Sixth Feedback Friday Image

Blisspop Presents: Feedback Friday

Here at Blisspop, we aim to show our audience who’s making their mark upon electronic music culture today. We sort through the good and the bad, bringing you the latest sounds. This brings us to the sixth installment of our new series, Feedback Friday. Our next batch of beat aficionados / actual human beings / Blisspop contributors includes: Aeron Premo, Patrick Blinkhorn, Jonathan Sherman, Justin Barini-Rivers, and our second guest reviewer – Saad Ashraf. This week’s music includes tracks by Circuit Work, Yuksek & Bertrand Burgalat, Krystal Klear, Snacks, and Leon Bridges. Check it out below and send us your suggestions on Instagram, Twitter, or Facebook.

Circuit Work – “Volage”

Saad Ashraf – Four nu-disco tracks for this week? A little too much for my platter but nevertheless, yep, this definitely has a groove to it. Fans of nu-disco will get a kick out of this track saturated with the summery, synthpop sounds of the 80s. I think there are some elements in this that sound cheap or were not properly mastered/mixed, mostly in the major build-up of the track (save for the last few seconds). It is honestly not for me and I do not think it’s that memorable of a track but I think the main focus of the track definitely hits for those who love the sound. (5.5/10)

Aeron Premo – This track from DC producer Circuit Work is top notch from start to finish. I am in love with the Italo-indebted synth line that leads up to the French touch sound of the drop — it reminds me very much of the work produced by Johan Agebjorn (Sally Shapiro). The wintry feel of the synths throughout the track create a beautiful atmosphere and the subtle bassline allows them to have their shining moment. To have a debut release this strong in this day and age is a rare feat. (10/10)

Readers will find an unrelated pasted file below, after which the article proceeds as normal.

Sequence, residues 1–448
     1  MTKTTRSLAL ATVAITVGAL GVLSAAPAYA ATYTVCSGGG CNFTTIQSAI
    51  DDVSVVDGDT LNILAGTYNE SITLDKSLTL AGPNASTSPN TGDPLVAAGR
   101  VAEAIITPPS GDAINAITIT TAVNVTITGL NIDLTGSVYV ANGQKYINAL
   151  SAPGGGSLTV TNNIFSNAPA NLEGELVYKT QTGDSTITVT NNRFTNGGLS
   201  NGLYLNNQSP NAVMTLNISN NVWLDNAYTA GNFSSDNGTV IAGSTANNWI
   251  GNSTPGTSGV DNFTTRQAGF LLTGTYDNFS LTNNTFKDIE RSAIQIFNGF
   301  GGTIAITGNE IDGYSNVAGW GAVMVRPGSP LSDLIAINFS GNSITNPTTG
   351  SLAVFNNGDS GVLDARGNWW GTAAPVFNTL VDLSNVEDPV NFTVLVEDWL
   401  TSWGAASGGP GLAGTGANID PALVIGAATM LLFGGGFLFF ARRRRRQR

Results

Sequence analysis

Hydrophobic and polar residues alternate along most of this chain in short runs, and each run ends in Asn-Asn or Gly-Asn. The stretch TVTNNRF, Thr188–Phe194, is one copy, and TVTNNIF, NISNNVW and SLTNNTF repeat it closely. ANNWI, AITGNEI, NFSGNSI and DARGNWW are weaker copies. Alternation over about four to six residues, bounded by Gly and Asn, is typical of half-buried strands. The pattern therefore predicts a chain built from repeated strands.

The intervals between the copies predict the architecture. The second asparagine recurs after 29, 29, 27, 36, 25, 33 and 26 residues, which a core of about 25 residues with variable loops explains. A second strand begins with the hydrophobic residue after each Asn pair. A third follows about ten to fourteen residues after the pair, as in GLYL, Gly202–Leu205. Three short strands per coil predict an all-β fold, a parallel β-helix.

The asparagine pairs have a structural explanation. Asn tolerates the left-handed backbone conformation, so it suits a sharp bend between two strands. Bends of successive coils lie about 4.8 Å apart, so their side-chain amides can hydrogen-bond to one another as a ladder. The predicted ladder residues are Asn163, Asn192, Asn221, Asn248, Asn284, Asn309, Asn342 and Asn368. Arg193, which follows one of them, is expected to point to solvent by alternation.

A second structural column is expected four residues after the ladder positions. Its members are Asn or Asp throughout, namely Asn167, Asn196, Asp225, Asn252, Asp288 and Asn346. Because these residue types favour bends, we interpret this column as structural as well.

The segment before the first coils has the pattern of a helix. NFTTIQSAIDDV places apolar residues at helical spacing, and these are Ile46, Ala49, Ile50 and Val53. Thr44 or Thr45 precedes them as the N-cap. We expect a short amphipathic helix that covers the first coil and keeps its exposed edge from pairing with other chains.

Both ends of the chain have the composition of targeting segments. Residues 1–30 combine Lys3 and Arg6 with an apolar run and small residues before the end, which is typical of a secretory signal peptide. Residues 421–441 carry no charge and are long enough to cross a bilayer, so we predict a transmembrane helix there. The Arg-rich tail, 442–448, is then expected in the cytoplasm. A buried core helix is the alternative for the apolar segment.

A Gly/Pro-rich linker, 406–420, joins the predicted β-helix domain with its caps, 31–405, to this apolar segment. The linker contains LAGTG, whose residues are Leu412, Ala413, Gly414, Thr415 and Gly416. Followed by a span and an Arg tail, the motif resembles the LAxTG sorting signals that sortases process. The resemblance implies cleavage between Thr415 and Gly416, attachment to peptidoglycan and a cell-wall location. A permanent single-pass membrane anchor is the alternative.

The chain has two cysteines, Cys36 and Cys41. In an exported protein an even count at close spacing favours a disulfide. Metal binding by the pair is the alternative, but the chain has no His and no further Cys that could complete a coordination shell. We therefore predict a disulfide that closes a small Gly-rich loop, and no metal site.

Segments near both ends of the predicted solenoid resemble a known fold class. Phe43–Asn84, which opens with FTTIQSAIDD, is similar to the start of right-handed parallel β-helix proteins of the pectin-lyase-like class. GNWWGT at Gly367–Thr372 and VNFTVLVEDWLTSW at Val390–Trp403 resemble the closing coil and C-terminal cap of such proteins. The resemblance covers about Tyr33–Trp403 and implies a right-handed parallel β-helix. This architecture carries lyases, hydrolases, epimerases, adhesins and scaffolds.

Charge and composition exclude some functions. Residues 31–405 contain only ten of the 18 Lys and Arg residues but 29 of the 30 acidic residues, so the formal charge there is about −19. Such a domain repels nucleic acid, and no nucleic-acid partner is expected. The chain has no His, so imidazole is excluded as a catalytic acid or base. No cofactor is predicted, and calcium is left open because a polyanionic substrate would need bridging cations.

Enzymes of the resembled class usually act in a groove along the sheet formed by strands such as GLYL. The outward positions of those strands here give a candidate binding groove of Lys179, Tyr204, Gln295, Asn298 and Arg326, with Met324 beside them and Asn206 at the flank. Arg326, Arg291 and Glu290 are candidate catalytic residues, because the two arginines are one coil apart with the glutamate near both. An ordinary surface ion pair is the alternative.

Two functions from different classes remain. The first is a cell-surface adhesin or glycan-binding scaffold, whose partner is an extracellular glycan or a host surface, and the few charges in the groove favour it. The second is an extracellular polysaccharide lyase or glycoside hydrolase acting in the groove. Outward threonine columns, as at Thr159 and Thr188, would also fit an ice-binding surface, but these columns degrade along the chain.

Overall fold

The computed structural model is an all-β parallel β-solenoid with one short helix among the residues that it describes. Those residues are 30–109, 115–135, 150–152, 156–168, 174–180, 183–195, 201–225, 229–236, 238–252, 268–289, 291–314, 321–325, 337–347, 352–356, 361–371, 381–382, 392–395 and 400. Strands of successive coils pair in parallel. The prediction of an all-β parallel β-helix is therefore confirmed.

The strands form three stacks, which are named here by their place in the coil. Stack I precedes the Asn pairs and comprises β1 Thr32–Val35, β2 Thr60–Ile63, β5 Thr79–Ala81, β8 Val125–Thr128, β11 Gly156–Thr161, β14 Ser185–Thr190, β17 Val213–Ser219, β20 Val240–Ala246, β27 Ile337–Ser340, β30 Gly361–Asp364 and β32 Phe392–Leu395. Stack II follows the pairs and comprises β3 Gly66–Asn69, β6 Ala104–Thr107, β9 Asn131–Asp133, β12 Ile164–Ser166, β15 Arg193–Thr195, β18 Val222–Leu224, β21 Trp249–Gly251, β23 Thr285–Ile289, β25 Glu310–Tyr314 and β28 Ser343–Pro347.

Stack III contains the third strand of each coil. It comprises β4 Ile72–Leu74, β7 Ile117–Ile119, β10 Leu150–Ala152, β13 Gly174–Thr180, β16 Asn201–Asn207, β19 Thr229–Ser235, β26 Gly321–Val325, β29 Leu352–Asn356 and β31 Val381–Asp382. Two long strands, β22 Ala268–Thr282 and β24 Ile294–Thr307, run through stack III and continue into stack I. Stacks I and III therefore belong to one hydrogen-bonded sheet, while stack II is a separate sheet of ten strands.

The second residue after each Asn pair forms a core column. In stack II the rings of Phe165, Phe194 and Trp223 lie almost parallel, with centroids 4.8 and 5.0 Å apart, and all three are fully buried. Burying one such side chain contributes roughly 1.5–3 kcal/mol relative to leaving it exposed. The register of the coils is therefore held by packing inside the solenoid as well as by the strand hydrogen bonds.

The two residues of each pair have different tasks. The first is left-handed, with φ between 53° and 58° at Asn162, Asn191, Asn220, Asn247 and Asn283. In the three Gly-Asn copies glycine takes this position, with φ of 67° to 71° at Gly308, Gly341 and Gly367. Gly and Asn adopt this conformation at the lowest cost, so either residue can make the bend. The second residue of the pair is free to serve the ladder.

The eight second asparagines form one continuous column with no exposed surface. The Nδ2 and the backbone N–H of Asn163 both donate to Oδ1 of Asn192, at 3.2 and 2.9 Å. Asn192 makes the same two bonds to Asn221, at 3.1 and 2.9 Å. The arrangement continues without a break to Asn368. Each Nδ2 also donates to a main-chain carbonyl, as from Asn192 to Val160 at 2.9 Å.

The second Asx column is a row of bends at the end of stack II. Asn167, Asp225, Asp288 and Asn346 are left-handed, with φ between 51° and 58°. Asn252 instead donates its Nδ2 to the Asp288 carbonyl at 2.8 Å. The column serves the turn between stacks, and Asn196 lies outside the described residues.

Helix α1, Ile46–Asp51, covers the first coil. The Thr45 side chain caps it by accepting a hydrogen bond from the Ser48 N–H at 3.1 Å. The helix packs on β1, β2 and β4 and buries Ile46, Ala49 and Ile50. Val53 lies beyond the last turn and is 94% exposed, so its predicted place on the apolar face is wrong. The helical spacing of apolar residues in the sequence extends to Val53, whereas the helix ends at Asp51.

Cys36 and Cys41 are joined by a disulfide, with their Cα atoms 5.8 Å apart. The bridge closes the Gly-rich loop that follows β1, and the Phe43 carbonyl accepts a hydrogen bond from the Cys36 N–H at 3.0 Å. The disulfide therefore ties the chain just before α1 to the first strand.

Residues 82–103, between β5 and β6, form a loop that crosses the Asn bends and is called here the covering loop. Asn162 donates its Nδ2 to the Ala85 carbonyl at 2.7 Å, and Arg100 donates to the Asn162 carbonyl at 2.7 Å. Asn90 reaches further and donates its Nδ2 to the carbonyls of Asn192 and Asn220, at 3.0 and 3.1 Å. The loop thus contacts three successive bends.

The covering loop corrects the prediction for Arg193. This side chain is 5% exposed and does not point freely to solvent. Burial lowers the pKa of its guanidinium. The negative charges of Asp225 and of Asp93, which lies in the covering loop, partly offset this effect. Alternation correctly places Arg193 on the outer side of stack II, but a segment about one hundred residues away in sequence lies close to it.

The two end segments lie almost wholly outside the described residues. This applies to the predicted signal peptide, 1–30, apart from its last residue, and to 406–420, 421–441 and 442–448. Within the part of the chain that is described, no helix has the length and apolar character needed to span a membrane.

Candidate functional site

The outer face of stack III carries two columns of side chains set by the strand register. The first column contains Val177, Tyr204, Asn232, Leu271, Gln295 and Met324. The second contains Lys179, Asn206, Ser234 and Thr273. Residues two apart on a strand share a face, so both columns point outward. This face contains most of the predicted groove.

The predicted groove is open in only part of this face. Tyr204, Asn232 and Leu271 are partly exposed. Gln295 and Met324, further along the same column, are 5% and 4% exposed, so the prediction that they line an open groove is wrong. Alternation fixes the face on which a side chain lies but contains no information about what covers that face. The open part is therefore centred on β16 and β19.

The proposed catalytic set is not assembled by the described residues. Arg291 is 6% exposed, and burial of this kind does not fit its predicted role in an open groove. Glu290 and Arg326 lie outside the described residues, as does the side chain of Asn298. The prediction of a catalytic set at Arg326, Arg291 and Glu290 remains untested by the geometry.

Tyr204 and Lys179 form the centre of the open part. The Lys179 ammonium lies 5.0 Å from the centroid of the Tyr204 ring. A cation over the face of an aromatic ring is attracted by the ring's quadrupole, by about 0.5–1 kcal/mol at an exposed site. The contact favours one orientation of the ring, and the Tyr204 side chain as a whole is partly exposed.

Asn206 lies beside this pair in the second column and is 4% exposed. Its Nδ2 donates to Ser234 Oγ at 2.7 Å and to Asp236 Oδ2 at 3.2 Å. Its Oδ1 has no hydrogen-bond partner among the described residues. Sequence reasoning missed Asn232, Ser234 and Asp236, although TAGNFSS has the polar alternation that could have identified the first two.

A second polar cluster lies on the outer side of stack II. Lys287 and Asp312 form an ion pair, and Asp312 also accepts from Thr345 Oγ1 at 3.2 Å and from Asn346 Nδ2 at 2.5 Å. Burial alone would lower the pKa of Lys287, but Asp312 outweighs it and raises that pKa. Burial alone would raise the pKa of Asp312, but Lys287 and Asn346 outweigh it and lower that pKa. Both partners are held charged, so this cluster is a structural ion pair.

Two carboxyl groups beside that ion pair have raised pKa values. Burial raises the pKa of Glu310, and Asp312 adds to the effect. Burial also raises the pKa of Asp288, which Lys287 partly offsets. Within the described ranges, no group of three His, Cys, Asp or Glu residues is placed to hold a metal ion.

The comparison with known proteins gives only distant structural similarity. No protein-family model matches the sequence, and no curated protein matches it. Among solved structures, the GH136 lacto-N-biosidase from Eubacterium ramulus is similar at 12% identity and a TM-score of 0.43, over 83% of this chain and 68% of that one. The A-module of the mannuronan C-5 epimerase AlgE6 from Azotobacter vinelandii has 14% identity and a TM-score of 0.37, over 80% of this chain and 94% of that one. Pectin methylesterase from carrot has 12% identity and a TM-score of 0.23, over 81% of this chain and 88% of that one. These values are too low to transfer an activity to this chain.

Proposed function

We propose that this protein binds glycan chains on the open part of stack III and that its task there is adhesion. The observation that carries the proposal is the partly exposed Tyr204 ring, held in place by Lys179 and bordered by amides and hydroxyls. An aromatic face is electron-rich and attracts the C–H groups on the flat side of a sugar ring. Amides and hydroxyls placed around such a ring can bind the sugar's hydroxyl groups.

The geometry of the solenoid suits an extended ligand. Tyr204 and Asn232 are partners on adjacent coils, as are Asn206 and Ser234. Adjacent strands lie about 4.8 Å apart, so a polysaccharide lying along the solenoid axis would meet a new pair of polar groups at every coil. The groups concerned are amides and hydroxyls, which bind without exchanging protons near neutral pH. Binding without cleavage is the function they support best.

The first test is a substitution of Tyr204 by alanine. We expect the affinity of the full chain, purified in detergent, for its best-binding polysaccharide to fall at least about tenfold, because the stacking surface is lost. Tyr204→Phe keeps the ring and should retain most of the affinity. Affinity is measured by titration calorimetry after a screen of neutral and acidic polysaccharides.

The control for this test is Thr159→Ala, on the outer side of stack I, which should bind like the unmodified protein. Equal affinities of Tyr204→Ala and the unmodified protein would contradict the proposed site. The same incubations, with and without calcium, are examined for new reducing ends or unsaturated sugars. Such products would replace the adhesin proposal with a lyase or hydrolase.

Patrick Blinkhorn – DC-based Circuit Work released some serious indie dance heat last week with his Volage EP and the title track from the EP is a winner. The track has a classic sound, the kind that Todd Terje and a handful of other artists can recreate today. Overall the track has an undeniable groove and little room for improvement. Now please excuse me — I have to travel back to 1980s Miami in my DeLorean. (8.5/10)

Jonathan Sherman – I feel like I am traveling back in time to 1980s Berlin when listening to this track. Reflecting on a sound taken straight out of the German Discotheque era, where polyphonic synthesizers and drum machines combined disco beats and techno harmonies to produce bold melodies, this track features an eloquent use of future bass effects that make those melodies stand out. I can’t wait to see what new projects Circuit Work has in store for 2018. (9/10) 

Justin Barini-Rivers – This is fire. I am obsessed with disco and this track sounds like it came from Giorgio Moroder himself. Deep cuts of disco lore. There is nothing about this track that I dislike. I heard it and knew this wasn’t going to be the last time I review Circuit Work. The nostalgia from disco and nu disco is so powerful, but so new. It moves like a Kavinsky soundtrack and still has the club readiness of a track by Lifelike. This track is immaculate. I am in love. It’s obvious Circuit Work has done the research and is ready to show us what can be added. (10/10)

Yuksek & Bertrand Burgalat – “Icare”